Rudy Martzke: Respected Sports Media Critic Assesses Tourney Announcers

Likes Spero Dedes and sideline reporter Ros Gold-Onwode

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Earlier today, I asked Rudy Martzke for his random views on the job done by the game announcers covering this year’s NCAA Tournament on CBS/Turner. Now retired, Rudy is a seasoned sports media critic who wrote influential columns for a couple decades for USA Today. His pieces were read religiously by broadcast executives and announcers around the country.

Ros Gold-Onwude – I enjoy her enthusiasm as a sideline reporter. She has a contagious warmth and made Loyola’s traveling chaplain, 98 year old Sister Jean, a March Madness personality. (Halby: I asked Rudy about her showing some natural bias saying to Sister Jean whose bracket has Loyola losing in the Sweet 16, “I hope your bracket is wrong.”  He said that she’s young and that a producer will later tell her to rather say something like, “Best of luck.”)

Brad Nessler –  He’s a veteran and solid broadcaster. He paid his dues, deserves this more prominent role (Halby: Before the game winner in Saturday’s second round game, Nessler astutely pointed out that no Houston defender put pressure on the Michigan inbounder at the back baseline. His comment was prophetic.  Unchallenged, Michigan threw a baseball like pass into the front court where freshman Jordan Poole won the game at the buzzer with a long 3-point shot.)

Spero Dedes -He knows basketball, keeps things smooth in 3-man setup (Steve Smith and Len Elmore) and only raises his voice when warranted. He has ability to move up the ladder at CBS.

Ian Eagle – He’s a top level guy. I enjoy him. He meshes well with whoever his analyst is; I salute CBS for elevating him.

Jim Spanarkel is a solid guy. He picks things up quickly. (Halby: I loved his line late in Friday’s Syracuse game referencing Orange foul shooter, Paschal Chukwu. “He disguises his good foul shooting form with a poor free throw percentage.”

Top team of Jim Nantz, Grant Hill and Bill Raftery – Raf wears nicely. His humor rubs off on Hill – He gets Nantz to joke once in a while too. Bill reminds me of guys like Frank Layden, fellows who coached at Catholic schools and weren’t paid a ton.  They supplemented their income by serving as after dinner speakers, entertaining guests.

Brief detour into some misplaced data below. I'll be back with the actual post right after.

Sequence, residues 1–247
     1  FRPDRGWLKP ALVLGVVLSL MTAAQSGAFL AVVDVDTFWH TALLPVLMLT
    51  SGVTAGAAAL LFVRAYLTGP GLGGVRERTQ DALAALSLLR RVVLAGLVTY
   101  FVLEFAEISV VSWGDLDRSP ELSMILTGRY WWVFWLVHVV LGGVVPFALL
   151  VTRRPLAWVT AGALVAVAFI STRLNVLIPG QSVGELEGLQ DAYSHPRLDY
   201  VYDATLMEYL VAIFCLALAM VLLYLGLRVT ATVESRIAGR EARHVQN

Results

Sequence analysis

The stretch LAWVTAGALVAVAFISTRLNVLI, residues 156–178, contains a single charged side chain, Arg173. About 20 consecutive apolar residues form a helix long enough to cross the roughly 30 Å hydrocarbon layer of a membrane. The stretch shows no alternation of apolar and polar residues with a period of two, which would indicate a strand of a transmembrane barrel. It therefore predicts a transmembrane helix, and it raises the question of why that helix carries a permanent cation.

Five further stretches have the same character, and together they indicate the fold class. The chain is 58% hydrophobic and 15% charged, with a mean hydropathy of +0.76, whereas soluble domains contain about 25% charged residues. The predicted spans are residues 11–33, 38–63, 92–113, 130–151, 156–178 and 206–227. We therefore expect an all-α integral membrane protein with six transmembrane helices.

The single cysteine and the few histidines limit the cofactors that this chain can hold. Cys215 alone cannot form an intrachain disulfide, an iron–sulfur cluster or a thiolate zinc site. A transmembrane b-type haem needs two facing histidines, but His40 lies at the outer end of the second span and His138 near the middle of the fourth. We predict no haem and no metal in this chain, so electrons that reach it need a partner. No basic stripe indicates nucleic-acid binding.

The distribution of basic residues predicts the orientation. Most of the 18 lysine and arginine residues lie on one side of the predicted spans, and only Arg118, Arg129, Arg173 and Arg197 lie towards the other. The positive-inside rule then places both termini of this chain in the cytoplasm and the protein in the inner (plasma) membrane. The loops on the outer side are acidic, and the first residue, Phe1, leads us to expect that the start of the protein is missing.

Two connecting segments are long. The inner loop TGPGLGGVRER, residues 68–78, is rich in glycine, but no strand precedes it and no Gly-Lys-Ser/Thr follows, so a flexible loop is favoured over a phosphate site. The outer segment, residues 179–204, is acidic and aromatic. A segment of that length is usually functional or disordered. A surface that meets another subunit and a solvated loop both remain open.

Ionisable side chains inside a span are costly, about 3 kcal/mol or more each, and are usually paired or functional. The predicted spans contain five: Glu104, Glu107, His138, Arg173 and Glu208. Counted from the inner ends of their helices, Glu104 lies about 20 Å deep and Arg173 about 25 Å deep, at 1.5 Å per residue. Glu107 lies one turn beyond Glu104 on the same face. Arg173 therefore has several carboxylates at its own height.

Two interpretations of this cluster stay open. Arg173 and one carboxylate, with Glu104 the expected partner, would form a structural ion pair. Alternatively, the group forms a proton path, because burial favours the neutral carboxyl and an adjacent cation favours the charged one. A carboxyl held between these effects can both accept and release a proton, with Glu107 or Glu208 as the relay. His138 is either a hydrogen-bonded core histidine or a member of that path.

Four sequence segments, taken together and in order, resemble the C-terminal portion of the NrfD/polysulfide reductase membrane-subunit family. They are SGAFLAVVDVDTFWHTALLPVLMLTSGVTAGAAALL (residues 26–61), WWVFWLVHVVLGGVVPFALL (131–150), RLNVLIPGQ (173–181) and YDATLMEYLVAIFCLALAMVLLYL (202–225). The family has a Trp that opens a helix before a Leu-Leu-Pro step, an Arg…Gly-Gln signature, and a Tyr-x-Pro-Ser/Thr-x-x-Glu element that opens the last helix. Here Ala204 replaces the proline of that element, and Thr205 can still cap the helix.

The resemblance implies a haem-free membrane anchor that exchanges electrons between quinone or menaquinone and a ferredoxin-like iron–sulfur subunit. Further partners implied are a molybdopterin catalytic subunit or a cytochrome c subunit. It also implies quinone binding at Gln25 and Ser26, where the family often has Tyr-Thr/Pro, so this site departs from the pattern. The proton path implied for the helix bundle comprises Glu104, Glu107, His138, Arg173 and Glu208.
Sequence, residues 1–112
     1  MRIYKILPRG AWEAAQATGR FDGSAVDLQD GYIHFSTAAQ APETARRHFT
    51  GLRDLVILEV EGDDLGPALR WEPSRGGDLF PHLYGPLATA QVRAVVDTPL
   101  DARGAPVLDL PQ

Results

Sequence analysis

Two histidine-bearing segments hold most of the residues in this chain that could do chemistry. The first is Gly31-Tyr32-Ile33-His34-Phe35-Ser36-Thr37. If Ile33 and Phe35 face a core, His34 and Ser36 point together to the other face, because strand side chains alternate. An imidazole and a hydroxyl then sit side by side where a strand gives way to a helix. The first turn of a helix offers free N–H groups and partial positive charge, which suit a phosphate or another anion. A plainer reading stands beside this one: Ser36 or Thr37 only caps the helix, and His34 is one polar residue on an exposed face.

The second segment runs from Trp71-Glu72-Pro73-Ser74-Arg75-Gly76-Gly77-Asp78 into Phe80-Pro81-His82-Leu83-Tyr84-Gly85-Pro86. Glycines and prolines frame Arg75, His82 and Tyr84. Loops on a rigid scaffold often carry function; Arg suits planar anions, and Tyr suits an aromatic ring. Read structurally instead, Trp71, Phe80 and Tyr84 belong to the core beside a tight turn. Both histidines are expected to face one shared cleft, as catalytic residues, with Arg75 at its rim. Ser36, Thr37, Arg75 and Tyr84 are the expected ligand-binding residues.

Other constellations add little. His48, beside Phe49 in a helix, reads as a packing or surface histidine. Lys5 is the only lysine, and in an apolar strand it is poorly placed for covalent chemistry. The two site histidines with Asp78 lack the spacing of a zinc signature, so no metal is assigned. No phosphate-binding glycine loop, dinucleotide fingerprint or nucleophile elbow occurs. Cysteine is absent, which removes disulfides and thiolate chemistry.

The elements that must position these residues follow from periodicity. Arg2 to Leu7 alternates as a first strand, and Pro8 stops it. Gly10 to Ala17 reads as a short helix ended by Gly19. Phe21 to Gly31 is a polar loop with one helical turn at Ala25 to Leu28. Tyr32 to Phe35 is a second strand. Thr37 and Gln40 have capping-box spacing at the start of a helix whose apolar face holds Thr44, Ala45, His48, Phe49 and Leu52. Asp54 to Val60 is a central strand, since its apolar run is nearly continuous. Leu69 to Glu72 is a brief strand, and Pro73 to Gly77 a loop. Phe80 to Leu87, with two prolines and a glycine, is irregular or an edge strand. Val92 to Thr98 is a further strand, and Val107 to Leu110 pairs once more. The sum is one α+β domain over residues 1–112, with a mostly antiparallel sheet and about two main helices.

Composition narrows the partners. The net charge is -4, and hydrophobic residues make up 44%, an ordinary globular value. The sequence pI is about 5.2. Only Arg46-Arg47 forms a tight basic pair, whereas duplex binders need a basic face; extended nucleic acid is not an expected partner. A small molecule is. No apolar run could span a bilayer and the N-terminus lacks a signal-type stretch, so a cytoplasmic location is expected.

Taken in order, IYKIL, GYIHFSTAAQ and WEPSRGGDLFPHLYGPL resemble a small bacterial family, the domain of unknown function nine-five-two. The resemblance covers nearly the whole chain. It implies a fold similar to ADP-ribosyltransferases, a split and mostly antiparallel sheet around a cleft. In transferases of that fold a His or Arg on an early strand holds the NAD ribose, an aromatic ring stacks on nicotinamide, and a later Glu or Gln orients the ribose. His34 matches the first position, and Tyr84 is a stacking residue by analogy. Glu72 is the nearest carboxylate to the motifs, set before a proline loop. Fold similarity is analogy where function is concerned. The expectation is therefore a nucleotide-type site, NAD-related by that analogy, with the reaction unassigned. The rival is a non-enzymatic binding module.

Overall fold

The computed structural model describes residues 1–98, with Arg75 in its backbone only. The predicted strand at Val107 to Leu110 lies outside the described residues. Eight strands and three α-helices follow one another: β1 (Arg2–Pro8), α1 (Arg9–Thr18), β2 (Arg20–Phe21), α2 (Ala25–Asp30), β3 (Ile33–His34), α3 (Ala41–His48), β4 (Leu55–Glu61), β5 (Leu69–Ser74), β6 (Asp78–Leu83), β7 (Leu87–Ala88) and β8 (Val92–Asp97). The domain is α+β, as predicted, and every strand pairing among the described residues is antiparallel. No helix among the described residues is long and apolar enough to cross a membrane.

Allie LaForce– deserves a prominent role. She asks good questions and knows the game. (Allie played freshman basketball at Ohio University)

Tracy Wolfson – She moved up quickly, is sharp and grew into her lead position as a sideline reporter. She interprets game strategy by listening attentively to coaches, picking things up while standing near the bench. She has a good personality.

Charles Barkley – He’s always ready to come off with a one-liner. He might have been right about Oklahoma State deserving to be in the tournament.

Studio hosts Ernie Johnson and Greg Gumbel – You can count on these guys. I always liked them. They’re adept in their roles. They find something that a participant said and pose a follow-up comment to bring out some humor.

Brian Anderson – He’s sneakily good at whatever he does whether it’s the Brewers or the NBA. He educates himself and is very well prepared.

Debbie Antonelli – Debbie has broadcast basketball for years, played and knows the game. She deserved to be bumped up on the tourney to a main analyst. She’s not afraid to voice opinions.

Dan Bonner – He says some good things, knows when to get in and out, working in a 3 man crew, works well with a former star player in Reggie Miller, holds his own, is lively, smiles on camera and comes across as likable.

Reggie Miller – I appreciate his work more. He assesses things well and does so in one short sentence. (Halby- Late in a game – when a player committed a silly foul—Reggie simply emoted “Why?”)

Andrew Catalon – He does well but he’s on the lower part of roster. There are better guys higher on the depth chart and he’s unlikely to move up.

David J. Halberstam

David is a 40-year + industry veteran who served as play-by-play announcer for St. John's University basketball in New York and as radio play-by-play voice of the Miami Heat in South Florida. He is the author of Sports on New York Radio: A Play-by-Play History and The Fundamentals of Sports Media and Sponsorship Sales: Developing New Accounts.

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